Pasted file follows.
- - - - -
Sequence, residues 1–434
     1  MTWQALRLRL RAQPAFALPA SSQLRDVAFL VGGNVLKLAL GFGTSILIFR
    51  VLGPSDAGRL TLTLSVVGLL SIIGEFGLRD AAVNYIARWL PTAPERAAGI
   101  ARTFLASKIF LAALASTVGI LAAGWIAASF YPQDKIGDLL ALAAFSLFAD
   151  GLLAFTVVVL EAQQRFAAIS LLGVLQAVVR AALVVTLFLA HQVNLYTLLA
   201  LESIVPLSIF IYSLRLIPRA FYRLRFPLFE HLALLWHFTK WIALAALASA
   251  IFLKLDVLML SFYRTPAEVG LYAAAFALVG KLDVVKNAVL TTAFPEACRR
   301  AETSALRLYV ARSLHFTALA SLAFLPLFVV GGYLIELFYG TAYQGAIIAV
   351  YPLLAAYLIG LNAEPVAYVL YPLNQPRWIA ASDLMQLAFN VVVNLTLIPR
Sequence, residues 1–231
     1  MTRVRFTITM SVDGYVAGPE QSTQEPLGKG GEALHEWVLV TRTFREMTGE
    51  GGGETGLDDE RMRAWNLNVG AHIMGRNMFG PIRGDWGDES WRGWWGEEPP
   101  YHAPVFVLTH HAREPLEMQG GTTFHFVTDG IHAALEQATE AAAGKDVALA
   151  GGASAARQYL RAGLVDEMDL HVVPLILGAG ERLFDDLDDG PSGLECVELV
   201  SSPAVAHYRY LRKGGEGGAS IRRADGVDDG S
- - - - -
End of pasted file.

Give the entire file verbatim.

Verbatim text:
Sequence, residues 1–434
     1  MTWQALRLRL RAQPAFALPA SSQLRDVAFL VGGNVLKLAL GFGTSILIFR
    51  VLGPSDAGRL TLTLSVVGLL SIIGEFGLRD AAVNYIARWL PTAPERAAGI
   101  ARTFLASKIF LAALASTVGI LAAGWIAASF YPQDKIGDLL ALAAFSLFAD
   151  GLLAFTVVVL EAQQRFAAIS LLGVLQAVVR AALVVTLFLA HQVNLYTLLA
   201  LESIVPLSIF IYSLRLIPRA FYRLRFPLFE HLALLWHFTK WIALAALASA
   251  IFLKLDVLML SFYRTPAEVG LYAAAFALVG KLDVVKNAVL TTAFPEACRR
   301  AETSALRLYV ARSLHFTALA SLAFLPLFVV GGYLIELFYG TAYQGAIIAV
   351  YPLLAAYLIG LNAEPVAYVL YPLNQPRWIA ASDLMQLAFN VVVNLTLIPR
Sequence, residues 1–231
     1  MTRVRFTITM SVDGYVAGPE QSTQEPLGKG GEALHEWVLV TRTFREMTGE
    51  GGGETGLDDE RMRAWNLNVG AHIMGRNMFG PIRGDWGDES WRGWWGEEPP
   101  YHAPVFVLTH HAREPLEMQG GTTFHFVTDG IHAALEQATE AAAGKDVALA
   151  GGASAARQYL RAGLVDEMDL HVVPLILGAG ERLFDDLDDG PSGLECVELV
   201  SSPAVAHYRY LRKGGEGGAS IRRADGVDDG S